Talks between Taoiseach Bertie Ahern and potential coalition government partners have been hit by fresh controversy over suspect payments received by him when he was Minister for Finance.
With Mr Ahern in pole position to form the next government following last week’s 26-County general election, it has been reported that he may be attempting a deal with the two remaining Progressive Democrats (PDs) and a diverse group of five independents.
However, both Ahern and senior members of Ahern’s Fianna Fail party have called for a stable coalition, which would suggest a deal with one of the left-wing parties is a more likely outcome.
At least 83 deputies are required for a majority in the Dublin parliament, meaning Ahern must secure the support of at least five other TDs in order to win re-election as Taoiseach. The Green Party, with its six TDs, has been mentioned as the most likely coalition partner to allow Ahern to complete his goal of a historic third term as Taoiseach.
Although Fianna Fail lost four seats relative to its performance five years ago, the election was seen as a surprise triumph for Ahern in the face of public anger over the failure to improve public services.
After several years of breakneck economic growth, concern among Irish voters over a suddden decline in their personal financial security -- in particular, a potential crash in property values -- was seen as a key factor in voters coming out to back the status quo.
Following a last-minute swing, the left-wing parties such as Sinn Féin, Labour and the Greens, were unexpectedly reduced to their core support. The effect was most noticeable in working class areas of Dublin, where a swing to the political mainstream strongly boosted Fianna Fail as well as the largest opposition party, Fine Gael.
The biggest reverses were suffered by Michael McDowell’s Progressive Democrats, which had regularly threatened to collapse the Dublin government in the scandal over Ahern’s personal finances.
Doubts raised yesterday by the Mahon tribunal about the Taoiseach’s account of his personal finances should create “serious issues” for parties considering joining a Fianna Fail-led coalition, Fine Gael has said.
Fine Gael deputy leader, Richard Bruton said its “too early to say” if it would affect coalition talks, though he said “some discrepancies” now appeared to exist with Mr Ahern’s pre-election statement, which had appeared to clear the air over the latest controversy.
Independent TD, Finian McGrath, one of those whose vote may be needed to form the next government, said the Taoiseach is entitled to “due process” and deserves “a fair hearing”.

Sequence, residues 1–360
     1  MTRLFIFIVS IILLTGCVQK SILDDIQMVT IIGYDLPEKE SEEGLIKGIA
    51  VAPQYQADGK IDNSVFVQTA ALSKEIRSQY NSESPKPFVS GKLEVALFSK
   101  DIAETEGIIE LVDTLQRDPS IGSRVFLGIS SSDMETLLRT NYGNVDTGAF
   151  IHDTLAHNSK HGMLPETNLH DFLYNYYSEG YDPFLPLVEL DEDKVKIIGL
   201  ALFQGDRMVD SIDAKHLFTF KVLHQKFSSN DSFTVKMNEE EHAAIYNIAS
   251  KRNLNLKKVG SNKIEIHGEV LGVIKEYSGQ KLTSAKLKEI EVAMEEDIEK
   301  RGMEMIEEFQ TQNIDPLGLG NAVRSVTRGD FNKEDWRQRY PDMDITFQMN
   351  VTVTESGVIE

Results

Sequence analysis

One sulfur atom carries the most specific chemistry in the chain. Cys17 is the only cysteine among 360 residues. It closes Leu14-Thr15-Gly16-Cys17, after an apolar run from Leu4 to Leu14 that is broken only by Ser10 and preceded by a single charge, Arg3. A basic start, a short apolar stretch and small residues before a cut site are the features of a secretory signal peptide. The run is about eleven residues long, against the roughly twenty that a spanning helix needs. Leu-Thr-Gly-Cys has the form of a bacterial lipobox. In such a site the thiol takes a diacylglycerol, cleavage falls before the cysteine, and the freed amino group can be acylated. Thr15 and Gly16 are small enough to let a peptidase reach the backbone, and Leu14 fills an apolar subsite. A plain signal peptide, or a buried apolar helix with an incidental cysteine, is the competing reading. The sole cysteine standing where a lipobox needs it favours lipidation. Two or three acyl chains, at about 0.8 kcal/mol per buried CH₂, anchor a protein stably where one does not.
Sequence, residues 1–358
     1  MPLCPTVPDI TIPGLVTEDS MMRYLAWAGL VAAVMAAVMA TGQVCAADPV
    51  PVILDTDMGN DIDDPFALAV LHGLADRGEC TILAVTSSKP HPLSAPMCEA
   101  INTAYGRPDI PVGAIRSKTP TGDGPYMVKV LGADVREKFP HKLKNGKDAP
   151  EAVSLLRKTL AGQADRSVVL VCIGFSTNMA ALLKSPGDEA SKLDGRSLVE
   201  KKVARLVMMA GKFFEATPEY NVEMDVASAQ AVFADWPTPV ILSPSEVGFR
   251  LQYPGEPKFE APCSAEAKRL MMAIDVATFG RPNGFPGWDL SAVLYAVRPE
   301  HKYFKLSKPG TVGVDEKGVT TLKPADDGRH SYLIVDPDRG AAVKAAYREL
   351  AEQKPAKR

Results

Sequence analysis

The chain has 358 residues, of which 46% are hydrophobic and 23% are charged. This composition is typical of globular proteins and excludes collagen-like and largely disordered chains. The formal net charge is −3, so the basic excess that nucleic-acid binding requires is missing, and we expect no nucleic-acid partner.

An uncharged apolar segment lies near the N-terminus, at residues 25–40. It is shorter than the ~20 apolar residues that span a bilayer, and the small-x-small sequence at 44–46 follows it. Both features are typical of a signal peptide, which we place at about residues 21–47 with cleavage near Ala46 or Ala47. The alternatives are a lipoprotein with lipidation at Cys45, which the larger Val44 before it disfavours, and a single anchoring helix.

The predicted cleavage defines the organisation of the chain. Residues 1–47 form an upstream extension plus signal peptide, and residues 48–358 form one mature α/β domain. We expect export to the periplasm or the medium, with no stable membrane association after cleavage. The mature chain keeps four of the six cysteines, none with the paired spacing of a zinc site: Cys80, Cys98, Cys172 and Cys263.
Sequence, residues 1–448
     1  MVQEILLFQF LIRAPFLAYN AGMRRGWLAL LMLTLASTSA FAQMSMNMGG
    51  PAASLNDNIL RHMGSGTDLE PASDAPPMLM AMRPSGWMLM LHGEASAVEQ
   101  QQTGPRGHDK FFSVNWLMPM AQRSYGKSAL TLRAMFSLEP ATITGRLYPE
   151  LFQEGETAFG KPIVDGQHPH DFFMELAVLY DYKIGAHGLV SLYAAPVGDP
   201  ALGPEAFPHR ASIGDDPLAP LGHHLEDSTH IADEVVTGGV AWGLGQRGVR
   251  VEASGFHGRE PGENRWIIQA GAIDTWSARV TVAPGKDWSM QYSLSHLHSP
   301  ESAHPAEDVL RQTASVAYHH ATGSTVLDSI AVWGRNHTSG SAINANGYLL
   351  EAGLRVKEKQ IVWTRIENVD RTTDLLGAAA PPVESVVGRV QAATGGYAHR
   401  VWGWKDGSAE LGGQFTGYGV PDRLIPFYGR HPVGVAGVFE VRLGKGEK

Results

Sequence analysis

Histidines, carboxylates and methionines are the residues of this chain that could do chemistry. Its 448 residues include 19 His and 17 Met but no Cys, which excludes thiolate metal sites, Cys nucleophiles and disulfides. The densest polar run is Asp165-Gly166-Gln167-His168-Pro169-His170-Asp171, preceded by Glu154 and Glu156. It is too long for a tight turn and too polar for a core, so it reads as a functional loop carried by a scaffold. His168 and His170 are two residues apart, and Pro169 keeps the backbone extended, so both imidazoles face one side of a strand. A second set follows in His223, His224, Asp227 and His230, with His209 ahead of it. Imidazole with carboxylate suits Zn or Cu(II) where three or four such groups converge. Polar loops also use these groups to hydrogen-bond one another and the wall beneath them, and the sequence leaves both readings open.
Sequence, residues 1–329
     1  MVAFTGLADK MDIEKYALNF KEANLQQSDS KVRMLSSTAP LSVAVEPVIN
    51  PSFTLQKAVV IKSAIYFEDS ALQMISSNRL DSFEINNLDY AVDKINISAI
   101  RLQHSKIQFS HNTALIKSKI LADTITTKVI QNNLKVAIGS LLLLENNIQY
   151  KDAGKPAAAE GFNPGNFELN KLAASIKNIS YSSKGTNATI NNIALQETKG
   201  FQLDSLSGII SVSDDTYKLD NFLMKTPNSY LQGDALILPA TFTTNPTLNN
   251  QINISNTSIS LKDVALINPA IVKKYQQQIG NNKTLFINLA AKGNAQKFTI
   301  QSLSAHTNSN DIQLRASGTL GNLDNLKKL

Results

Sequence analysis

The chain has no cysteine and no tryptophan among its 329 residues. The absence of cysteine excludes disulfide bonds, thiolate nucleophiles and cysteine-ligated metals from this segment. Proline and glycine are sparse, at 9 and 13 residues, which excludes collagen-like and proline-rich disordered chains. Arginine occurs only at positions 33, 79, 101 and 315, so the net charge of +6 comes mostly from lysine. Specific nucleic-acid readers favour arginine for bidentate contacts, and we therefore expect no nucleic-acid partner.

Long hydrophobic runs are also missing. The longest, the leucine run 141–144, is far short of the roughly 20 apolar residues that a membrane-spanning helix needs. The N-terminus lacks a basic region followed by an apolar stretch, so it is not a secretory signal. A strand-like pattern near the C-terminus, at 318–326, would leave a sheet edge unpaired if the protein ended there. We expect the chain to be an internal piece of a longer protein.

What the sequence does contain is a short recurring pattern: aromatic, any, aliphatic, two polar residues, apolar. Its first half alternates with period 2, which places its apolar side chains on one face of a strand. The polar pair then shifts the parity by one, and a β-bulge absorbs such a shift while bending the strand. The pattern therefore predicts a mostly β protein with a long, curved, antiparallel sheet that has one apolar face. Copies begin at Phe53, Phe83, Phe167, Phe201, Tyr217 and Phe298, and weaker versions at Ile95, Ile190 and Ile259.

McGrath’s strategy, and that of fellow Dublin independent, veteran socialist Tony Gregory, could be crucial to deciding the make-up of the election. Two other independents, Kerry’s Jackie Healy-Rae and Beverly Cooper-Flynn of the Flynn dynasty in Mayo, are more likely to line up in Ahern’s camp.
The strongest surviving Independent, Michael Lowry, expressed his preference for Fine Gael, but said that if that was not possible he would be willing to consider supporting a government led by Mr Ahern.
“I am now available to have discussions in the interests of the people that I serve here in Tipperary in relation to the formation of the next government,” he said.
Green Party leader Trevor Sargent said his party would be willing to speak to Fianna Fail but he insisted that any talks would be driven by a policy agenda. “We’re open to talk to everybody. But anyone who wants to talk to us, I’d advise them to read our manifesto and policies first,” he said.
He said any possible government involving his party “will have to be a Green one”, adding that policies tackling issues such as global warming and public services would be priorities.
Mr Sargent has indicated, however, that he would not lead the Green Party into coalition with Fianna Fail. He indicated last night that this position had not changed.
The turnout was up by almost 5 per cent, at 67.3 per cent, compared to 62.6 per cent in 2002.
Overall, Fianna Fail polled just under 41.6 per cent of the first-preference vote, almost exactly the same as 2002. Fine Gael polled 27.3 per cent, an increase of 5 per cent; Labour took 10.1 per cent, a drop of half a percent; the PDs took just 2.7 per cent, a drop of 1.2 per cent; the Greens polled 4.7 per cent, an increase of 1 per cent; Sinn Féin got 6.9 per cent, an increase of 0.4 per cent.